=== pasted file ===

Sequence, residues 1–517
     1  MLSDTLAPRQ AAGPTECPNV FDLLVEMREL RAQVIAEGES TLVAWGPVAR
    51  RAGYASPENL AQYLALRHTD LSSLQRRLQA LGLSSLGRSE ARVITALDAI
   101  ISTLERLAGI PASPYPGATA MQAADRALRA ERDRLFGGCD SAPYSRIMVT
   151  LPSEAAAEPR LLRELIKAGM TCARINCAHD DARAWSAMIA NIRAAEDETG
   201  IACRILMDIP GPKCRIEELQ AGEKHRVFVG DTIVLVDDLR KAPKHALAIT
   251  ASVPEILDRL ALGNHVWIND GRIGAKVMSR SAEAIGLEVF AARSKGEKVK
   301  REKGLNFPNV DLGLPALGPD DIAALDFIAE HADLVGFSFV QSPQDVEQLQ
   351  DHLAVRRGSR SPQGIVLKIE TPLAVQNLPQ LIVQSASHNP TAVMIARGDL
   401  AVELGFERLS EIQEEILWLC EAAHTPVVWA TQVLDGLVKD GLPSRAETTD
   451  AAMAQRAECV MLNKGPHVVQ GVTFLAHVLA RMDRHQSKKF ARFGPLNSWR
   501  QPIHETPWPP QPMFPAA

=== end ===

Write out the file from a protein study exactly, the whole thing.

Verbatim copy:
Sequence, residues 1–517
     1  MLSDTLAPRQ AAGPTECPNV FDLLVEMREL RAQVIAEGES TLVAWGPVAR
    51  RAGYASPENL AQYLALRHTD LSSLQRRLQA LGLSSLGRSE ARVITALDAI
   101  ISTLERLAGI PASPYPGATA MQAADRALRA ERDRLFGGCD SAPYSRIMVT
   151  LPSEAAAEPR LLRELIKAGM TCARINCAHD DARAWSAMIA NIRAAEDETG
   201  IACRILMDIP GPKCRIEELQ AGEKHRVFVG DTIVLVDDLR KAPKHALAIT
   251  ASVPEILDRL ALGNHVWIND GRIGAKVMSR SAEAIGLEVF AARSKGEKVK
   301  REKGLNFPNV DLGLPALGPD DIAALDFIAE HADLVGFSFV QSPQDVEQLQ
   351  DHLAVRRGSR SPQGIVLKIE TPLAVQNLPQ LIVQSASHNP TAVMIARGDL
   401  AVELGFERLS EIQEEILWLC EAAHTPVVWA TQVLDGLVKD GLPSRAETTD
   451  AAMAQRAECV MLNKGPHVVQ GVTFLAHVLA RMDRHQSKKF ARFGPLNSWR
   501  QPIHETPWPP QPMFPAA